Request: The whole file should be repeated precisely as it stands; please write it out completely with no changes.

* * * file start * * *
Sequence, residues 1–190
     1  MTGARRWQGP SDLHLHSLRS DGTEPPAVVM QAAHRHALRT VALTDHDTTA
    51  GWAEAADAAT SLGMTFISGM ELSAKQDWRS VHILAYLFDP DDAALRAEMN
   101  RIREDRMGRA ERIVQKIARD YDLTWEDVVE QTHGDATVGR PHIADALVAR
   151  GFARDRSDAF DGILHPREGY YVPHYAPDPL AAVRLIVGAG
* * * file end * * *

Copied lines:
Sequence, residues 1–190
     1  MTGARRWQGP SDLHLHSLRS DGTEPPAVVM QAAHRHALRT VALTDHDTTA
    51  GWAEAADAAT SLGMTFISGM ELSAKQDWRS VHILAYLFDP DDAALRAEMN
   101  RIREDRMGRA ERIVQKIARD YDLTWEDVVE QTHGDATVGR PHIADALVAR
   151  GFARDRSDAF DGILHPREGY YVPHYAPDPL AAVRLIVGAG